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Gov’t securities to fetch mixed rates on Fed bets

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Facade of the Bureau of Treasury building — BW FILE PHOTO

YIELDS ON government securities on offer this week will likely end mixed amid concerns on US Federal Reserve rate hike.

The Bureau of the Treasury plans to raise a total of P35 billion from the Treasury bonds (T-bonds) and Treasury bills (T-bills) this week.

Broken down, for the T-bills, the government will auction off P5 billion in three-month, P4 billion in six-month, and P6 billion worth of one-year papers tomorrow.

Meanwhile, the Treasury will also raise P20 billion via fresh seven-year T-bonds on Wednesday which will mature on April 12, 2025.

A bond trader interviewed on Friday said yields on the T-bills, particularly the three-month papers, will move sideways or lower since investors will likely park their funds in the short end of the curve.

“For the T-bills, the 91-day [papers] might see sideways to lower because of the supply. For the seven-year bonds, I’m looking at higher yields… 5.75-6%,” the trader said in a phone interview.

At the secondary market on Friday, the three-month T-bill fetched a yield of 3.127%, while the six-month and one-year papers were quoted at 3.5875% and 3.3186%, respectively.

Meanwhile, the yield on the seven-year T-bonds closed at 6.4571% last Friday.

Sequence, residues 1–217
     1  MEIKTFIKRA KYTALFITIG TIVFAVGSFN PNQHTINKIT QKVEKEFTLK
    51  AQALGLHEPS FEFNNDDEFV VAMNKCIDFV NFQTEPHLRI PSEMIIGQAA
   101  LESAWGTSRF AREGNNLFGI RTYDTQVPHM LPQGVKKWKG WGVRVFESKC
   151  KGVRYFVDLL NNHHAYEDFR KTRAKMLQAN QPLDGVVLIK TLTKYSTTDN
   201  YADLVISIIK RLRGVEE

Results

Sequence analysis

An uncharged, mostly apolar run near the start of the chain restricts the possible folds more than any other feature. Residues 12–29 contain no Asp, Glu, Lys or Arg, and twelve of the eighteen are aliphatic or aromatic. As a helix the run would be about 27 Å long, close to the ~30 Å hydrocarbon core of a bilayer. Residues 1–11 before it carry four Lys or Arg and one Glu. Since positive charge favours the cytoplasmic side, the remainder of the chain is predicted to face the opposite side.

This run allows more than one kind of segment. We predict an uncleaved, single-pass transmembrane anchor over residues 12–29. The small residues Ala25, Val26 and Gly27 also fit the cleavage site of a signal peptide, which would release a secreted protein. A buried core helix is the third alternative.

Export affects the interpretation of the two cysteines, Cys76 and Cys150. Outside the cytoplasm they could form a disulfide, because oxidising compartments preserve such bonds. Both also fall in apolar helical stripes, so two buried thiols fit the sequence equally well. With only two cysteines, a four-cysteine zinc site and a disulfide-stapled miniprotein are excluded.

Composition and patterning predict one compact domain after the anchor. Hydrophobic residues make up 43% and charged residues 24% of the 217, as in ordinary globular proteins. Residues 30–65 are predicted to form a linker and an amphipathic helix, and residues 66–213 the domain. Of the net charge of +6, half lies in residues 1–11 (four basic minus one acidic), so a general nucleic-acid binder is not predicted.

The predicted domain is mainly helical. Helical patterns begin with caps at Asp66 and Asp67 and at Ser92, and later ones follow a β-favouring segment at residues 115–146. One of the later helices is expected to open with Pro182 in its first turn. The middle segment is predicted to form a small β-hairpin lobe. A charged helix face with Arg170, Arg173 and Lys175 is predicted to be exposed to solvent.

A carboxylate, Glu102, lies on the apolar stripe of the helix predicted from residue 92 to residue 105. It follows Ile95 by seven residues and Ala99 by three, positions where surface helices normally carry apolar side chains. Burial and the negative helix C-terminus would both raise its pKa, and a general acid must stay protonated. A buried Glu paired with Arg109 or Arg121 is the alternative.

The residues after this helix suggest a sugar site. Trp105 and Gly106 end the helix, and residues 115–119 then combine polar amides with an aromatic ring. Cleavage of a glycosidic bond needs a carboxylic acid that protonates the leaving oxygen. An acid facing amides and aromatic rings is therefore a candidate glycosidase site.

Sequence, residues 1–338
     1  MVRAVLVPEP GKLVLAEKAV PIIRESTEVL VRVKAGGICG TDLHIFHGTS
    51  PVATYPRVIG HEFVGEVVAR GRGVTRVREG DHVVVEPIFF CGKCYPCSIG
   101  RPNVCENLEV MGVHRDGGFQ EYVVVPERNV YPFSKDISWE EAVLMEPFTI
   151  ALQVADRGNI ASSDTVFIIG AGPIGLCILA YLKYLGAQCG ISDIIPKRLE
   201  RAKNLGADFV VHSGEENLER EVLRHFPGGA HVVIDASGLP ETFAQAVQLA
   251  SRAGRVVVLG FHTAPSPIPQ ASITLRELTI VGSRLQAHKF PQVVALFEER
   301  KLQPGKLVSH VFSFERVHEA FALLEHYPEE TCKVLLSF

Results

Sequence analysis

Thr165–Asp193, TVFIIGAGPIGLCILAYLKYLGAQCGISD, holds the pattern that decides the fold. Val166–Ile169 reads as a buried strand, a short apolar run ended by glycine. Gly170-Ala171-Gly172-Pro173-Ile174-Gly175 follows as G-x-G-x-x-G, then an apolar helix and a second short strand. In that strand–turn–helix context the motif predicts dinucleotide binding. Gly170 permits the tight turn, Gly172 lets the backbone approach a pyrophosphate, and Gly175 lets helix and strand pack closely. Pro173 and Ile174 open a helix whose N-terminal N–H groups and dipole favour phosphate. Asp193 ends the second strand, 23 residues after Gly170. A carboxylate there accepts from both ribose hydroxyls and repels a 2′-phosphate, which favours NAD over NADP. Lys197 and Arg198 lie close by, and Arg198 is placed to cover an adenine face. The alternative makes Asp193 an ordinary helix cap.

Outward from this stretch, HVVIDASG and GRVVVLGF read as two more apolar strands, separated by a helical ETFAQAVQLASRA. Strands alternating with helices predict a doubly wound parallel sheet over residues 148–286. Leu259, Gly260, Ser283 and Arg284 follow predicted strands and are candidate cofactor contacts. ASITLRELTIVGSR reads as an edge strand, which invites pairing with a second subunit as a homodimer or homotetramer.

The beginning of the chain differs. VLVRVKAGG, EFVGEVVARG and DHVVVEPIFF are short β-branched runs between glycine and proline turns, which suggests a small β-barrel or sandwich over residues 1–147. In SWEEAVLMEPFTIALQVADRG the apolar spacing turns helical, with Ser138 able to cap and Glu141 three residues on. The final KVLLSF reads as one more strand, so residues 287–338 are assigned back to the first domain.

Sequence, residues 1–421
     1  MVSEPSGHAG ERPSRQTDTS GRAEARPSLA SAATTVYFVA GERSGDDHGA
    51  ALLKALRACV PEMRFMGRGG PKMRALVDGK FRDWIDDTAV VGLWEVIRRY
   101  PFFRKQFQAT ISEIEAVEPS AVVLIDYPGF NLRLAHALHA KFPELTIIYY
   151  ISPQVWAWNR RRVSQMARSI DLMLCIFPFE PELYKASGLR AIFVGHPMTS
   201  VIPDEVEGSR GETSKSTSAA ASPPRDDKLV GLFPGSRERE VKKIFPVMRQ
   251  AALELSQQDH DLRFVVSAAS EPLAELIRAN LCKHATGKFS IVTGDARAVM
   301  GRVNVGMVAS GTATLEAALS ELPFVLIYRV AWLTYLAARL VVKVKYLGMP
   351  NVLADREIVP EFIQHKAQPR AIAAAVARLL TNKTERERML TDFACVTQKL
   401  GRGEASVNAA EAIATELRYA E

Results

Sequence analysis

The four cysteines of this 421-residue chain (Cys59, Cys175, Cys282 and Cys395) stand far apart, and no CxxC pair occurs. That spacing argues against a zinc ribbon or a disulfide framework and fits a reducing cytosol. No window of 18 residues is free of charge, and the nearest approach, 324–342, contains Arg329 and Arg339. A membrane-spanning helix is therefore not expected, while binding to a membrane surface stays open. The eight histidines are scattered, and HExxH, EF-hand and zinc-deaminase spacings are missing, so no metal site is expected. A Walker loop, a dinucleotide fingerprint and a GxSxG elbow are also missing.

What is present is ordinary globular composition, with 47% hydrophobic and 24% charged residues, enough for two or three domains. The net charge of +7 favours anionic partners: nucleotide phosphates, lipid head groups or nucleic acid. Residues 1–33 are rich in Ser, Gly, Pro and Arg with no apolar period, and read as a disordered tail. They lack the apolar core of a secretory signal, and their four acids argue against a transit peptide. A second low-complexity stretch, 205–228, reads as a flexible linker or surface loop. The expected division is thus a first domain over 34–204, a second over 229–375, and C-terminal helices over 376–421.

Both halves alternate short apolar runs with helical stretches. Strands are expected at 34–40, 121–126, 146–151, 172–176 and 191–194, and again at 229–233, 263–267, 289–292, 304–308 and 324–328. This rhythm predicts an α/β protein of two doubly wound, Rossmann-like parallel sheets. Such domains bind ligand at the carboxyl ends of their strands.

Another trader added that the three-month T-bills will likely be two to three times oversubscribed, while demand for the seven-year bonds will be lukewarm as investors will likely hesitate to place their funds in the longer tenor since the Fed’s rate hike path is still unclear.

“So far, we still don’t have the rate trajectory. The forecast is two to three more hikes this year, but with the issues on the trade war, it seems that the Fed officials are reluctant if they can push through with the rate hike path,” the second trader said, adding that this will prompt investors to demand for higher rate for the seven-year T-bonds.

“If they foresee that the rates would go up so much this year, there will be much more demand on the bonds. But for now, everyone [is still] cautious [and will lock their funds on the shorter end].”

During the March meeting of the Federal Open Market Committee, the Fed hiked its benchmark funds rate by a quarter-point. Fed officials also upgraded their outlook for the American economy, suggesting a steeper path of rate adjustments until 2020.

Fed Chair Jerome H. Powell said on Friday that the monetary authority will likely need to keep raising interest rates to keep inflation under control, Reuters reported.

During his speech, Mr. Powell vaguely addressed the escalating tension between the US and China over trade policies, saying that it is too soon to know if the issue would take toll on the economy.

The government is set to borrow P325 billion from the domestic market in the second quarter of the year through auctions of securities. This is higher than the P240 billion it offered in the first quarter and the P180 billion placed on the auction block in the same quarter last year.

The government plans to borrow P888.23 billion this year from local and foreign sources to fund its budget deficit, which is capped at 3% of the country’s gross domestic product.